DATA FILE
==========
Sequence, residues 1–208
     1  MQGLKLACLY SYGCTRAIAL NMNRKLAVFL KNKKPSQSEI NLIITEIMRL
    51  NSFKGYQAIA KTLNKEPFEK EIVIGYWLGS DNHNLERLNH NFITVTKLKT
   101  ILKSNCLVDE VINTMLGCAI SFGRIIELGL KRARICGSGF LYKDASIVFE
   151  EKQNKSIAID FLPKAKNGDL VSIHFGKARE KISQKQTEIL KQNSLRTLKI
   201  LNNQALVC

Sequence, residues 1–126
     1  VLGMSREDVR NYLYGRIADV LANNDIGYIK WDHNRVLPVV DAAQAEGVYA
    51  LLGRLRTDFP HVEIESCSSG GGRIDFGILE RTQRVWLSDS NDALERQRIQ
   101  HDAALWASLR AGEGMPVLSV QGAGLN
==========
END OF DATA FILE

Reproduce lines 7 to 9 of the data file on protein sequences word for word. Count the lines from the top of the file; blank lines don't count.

Sequence, residues 1–126
     1  VLGMSREDVR NYLYGRIADV LANNDIGYIK WDHNRVLPVV DAAQAEGVYA
    51  LLGRLRTDFP HVEIESCSSG GGRIDFGILE RTQRVWLSDS NDALERQRIQ